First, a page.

Alexander and the Grapes grapple with two-inch tape and misspelled band names 

The Great Grapes

Alexander Charos (second from left) has a soft spot for stray cats and bushy beards

Provided

Alexander Charos (second from left) has a soft spot for stray cats and bushy beards

Florida natives Alexander and the Grapes have abandoned their home-state oranges for some vineyard love, but only by accident. "Back when I was first recording, it was under Alexander and the Greats," singer and guitarist Alexander Charos notes. "I got a show at a place called the D-Pad, which was a video game arcade/venue, and they misheard the band name over the phone and wrote 'Alexander and the Grapes' on the flyer. We all kind of got a kick out of it and I changed our MySpace page as a joke, but then we just never changed it back."

The folk-pop foursome started out as a solo deal with Charos, who was fond of making lo-fi recordings in his bedroom. After earning a bit of internet buzz, Charos' friends convinced him to make the move from under the covers to cover charges. His brother Philip joined him on the drums, and they played a few local shows with random bassists. Steel guitar player Chase Swan came out one of those nights, and eventually joined up with the Charos brothers. These three amigos were the core of the band for a few years until good friend and bassist Vaughn O'Loughlin staked his claim six months ago, completing the quartet.

These days, the studio is where the magic happens for these guys, and the fairy dust settles on two-inch analog tape. "It's a sound that we really fell in love with and a process that is way more involved. It demands that you be a more alert musician in the studio," Charos explains. The first EP was recorded at an analog studio in Boston back in 2009, and the band returned in 2011 for the full-length Hemispheres. While both discs exude an untreated, melancholy vibe, the two-year gap allowed for some maturing and self-discovery. "We've grown a lot since then, though, so we definitely feel Hemispheres is a more holistic representation of our band," says Charos.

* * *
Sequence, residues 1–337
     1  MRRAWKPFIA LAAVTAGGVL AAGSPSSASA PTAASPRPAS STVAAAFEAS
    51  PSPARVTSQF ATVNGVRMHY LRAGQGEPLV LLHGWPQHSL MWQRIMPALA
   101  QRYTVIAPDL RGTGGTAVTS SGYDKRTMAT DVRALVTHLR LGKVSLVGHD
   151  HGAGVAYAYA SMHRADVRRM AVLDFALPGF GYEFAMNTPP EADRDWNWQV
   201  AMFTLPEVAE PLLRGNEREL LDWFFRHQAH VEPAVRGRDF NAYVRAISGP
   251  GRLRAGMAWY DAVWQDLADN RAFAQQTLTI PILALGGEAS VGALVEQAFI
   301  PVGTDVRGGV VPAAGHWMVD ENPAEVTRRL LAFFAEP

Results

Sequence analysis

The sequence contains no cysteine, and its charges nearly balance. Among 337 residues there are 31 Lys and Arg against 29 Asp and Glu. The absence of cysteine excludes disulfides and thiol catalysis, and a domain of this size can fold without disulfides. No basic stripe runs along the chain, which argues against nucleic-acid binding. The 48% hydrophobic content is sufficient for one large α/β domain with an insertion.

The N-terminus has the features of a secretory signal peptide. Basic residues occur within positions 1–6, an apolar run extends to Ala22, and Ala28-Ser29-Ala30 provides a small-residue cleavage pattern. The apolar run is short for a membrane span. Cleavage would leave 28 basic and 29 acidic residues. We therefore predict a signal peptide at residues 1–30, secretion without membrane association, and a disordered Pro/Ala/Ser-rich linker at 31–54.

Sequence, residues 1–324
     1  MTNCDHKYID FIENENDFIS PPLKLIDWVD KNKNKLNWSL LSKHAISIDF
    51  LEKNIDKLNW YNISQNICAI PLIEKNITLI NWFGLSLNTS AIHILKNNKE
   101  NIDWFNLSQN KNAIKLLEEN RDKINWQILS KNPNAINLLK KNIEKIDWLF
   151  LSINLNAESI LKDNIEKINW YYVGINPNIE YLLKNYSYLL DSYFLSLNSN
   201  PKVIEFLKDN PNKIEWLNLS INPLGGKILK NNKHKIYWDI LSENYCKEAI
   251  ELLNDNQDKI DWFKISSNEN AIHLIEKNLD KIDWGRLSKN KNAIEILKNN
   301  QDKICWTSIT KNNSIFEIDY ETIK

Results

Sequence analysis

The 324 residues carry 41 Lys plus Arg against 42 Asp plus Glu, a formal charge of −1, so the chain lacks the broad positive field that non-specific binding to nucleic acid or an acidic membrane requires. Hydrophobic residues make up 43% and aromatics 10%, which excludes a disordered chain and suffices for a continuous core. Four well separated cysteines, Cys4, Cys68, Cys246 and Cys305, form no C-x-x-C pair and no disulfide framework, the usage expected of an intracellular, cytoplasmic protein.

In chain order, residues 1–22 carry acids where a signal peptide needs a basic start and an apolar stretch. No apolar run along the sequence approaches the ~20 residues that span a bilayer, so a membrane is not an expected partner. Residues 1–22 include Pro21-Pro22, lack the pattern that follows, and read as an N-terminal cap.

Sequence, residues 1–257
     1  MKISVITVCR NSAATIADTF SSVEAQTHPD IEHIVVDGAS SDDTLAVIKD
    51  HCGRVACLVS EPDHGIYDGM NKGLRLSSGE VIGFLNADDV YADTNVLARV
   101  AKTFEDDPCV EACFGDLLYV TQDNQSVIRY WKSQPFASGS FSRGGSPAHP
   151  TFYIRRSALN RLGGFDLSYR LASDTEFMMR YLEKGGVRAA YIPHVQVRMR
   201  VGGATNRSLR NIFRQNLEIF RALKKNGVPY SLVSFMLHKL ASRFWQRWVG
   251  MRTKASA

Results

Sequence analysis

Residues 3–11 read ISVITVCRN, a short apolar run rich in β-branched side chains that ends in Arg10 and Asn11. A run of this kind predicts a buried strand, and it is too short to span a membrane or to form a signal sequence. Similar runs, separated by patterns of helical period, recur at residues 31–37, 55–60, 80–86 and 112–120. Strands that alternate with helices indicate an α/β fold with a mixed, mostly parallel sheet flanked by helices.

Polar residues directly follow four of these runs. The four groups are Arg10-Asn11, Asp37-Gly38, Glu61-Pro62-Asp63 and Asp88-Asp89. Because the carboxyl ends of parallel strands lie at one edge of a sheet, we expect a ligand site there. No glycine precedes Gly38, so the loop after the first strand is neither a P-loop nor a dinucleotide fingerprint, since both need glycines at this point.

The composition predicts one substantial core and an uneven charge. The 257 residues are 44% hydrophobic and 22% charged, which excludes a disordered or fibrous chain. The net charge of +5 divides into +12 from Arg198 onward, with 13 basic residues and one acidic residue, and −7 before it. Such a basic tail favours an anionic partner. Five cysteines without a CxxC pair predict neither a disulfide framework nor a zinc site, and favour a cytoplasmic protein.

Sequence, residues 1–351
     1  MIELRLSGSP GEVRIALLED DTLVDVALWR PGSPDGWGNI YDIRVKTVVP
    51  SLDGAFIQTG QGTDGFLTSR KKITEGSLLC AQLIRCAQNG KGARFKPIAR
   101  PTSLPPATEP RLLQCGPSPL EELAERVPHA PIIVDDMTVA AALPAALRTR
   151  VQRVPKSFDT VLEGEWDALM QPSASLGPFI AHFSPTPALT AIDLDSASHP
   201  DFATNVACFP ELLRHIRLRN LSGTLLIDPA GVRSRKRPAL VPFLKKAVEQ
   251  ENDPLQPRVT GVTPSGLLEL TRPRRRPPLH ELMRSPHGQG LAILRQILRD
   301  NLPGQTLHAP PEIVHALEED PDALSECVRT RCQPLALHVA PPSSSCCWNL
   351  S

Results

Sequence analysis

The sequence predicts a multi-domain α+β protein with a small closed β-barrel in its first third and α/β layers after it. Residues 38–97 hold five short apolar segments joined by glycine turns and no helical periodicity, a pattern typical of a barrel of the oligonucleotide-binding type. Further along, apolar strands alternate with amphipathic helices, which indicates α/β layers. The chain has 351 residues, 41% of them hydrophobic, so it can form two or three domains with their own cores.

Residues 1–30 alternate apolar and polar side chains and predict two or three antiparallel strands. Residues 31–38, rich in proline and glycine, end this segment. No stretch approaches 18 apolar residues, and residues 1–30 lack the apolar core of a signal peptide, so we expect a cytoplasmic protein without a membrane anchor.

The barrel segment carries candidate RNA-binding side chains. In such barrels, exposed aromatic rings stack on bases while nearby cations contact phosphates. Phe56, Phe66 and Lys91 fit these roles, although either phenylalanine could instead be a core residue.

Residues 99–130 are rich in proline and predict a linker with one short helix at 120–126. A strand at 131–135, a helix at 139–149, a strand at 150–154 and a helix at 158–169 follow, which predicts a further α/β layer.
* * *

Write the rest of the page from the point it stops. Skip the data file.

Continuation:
The recording process is just one aspect of Alexander and the Grapes that Charos is enthusiastic about. For the frontman, seeing a song take shape and working with an engineer is a fascinating process, but live performances are all about letting loose. "You can really get lost in your music, and the little mistakes you make don't really matter because you're just having a great time," Charos says. They've been traveling around Florida a bunch with a few scattered stops around the Southeast, but Charleston marks their only Palmetto State stop and also the next to last gig on the tour. After Charos and company head home, they plan to record a few demos.

When Alexander and the Grapes are on the road, they stay entertained, even on the tour bus. Swan is a geologist, so he gives the rest of the band lessons on rock formations when they drive through the mountains, and Charos has an odd obsession with cats, which can lead to pit stops for strays. Meanwhile, his brother Philip also pens orchestral compositions.

The Grapes draw their musical inspiration from Wilco, Jimmy Eat World, the Beatles, Emperor X, and Pedro the Lion. "We're kind of all over the place," Charos admits. Their sound channels a '90s indie vibe and screams hipster in the best way possible. They even rock some pretty hipster facial hair, from Swan's sweet 'stache to Charos' full-out black-bear beard.

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